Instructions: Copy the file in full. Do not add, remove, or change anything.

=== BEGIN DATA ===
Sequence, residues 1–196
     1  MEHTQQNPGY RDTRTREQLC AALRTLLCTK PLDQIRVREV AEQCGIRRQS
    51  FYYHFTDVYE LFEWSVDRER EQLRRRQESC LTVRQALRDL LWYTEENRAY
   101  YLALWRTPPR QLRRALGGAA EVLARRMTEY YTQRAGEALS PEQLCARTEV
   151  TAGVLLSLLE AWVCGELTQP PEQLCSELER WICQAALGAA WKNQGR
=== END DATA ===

Sequence, residues 1–196
     1  MEHTQQNPGY RDTRTREQLC AALRTLLCTK PLDQIRVREV AEQCGIRRQS
    51  FYYHFTDVYE LFEWSVDRER EQLRRRQESC LTVRQALRDL LWYTEENRAY
   101  YLALWRTPPR QLRRALGGAA EVLARRMTEY YTQRAGEALS PEQLCARTEV
   151  TAGVLLSLLE AWVCGELTQP PEQLCSELER WICQAALGAA WKNQGR